(iii) a is less than 6 and a Y


10. A, B and C are subsets of Universal Set U. If A = {2, 4, 6, 8, 12, 20}
B = {3, 6, 9, 12, 15}, C = {5, 10, 15, 20} and U is the set of all whole numbers,
draw a Venn diagram showing the relation of U, A, B and C.

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EXEMPLAR PROBLEMS MATHEMATICS

11. Let U be the set of all boys and girls in a school, G be the set of all girls in the
school, B be the set of all boys in the school, and S be the set of all students in the
school who take swimming. Some, but not all, students in the school take
swimming. Draw a Venn diagram showing one of the possible interrelationship
among sets U, G, B and S.
12. For all sets A, B and C, show that (A B) (C B) = A (B C)
Determine whether each of the statement in Exercises 13 17 is true or false.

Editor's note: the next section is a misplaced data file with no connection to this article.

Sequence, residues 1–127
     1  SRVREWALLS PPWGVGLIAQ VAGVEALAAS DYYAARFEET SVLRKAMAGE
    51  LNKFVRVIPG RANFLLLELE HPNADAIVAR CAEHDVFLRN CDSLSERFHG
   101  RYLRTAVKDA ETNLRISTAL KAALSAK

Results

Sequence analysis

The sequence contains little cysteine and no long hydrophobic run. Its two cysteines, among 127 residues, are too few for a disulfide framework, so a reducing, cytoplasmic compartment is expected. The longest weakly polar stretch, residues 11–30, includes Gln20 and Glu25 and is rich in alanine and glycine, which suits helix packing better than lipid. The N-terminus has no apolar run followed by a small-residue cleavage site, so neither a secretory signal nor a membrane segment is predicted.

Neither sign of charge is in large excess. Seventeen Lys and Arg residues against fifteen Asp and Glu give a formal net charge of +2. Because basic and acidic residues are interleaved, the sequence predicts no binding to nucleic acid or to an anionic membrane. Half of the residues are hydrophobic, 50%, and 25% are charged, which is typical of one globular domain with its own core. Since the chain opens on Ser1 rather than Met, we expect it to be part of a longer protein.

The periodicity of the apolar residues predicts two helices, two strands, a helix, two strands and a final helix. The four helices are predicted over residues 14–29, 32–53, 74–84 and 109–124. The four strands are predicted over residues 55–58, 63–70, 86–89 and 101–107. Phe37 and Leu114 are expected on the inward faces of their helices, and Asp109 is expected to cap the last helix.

Justify your answer.
13. For all sets A and B, (A B) (A B) = A
14. For all sets A, B and C, A (B C) = (A B) C
15. For all sets A, B and C, if A B, then A C B C
16. For all sets A, B and C, if A B, then A C B C
17. For all sets A, B and C, if A C and B C, then A B C.
Using properties of sets prove the statements given in Exercises 18 to 22
18. For all sets A and B, A (B A) = A B
19. For all sets A and B, A (A B) = A B
20. For all sets A and B, A (A B) = A B
21. For all sets A and B, (A B) B = A B
4 x 40
x +5
22. Let T = x |
5=
. Is T an empty set? Justify your answer.
7
13 x
x

Long Answer Type


23. Let A, B and C be sets. Then show that
A (B C) = (A B) (A C)
24. Out of 100 students; 15 passed in English, 12 passed in Mathematics, 8 in Science,
6 in English and Mathematics, 7 in Mathematics and Science; 4 in English and
Science; 4 in all the three. Find how many passed
(i) in English and Mathematics but not in Science
(ii) in Mathematics and Science but not in English
(iii) in Mathematics only
(iv) in more than one subject only
25. In a class of 60 students, 25 students play cricket and 20 students play tennis, and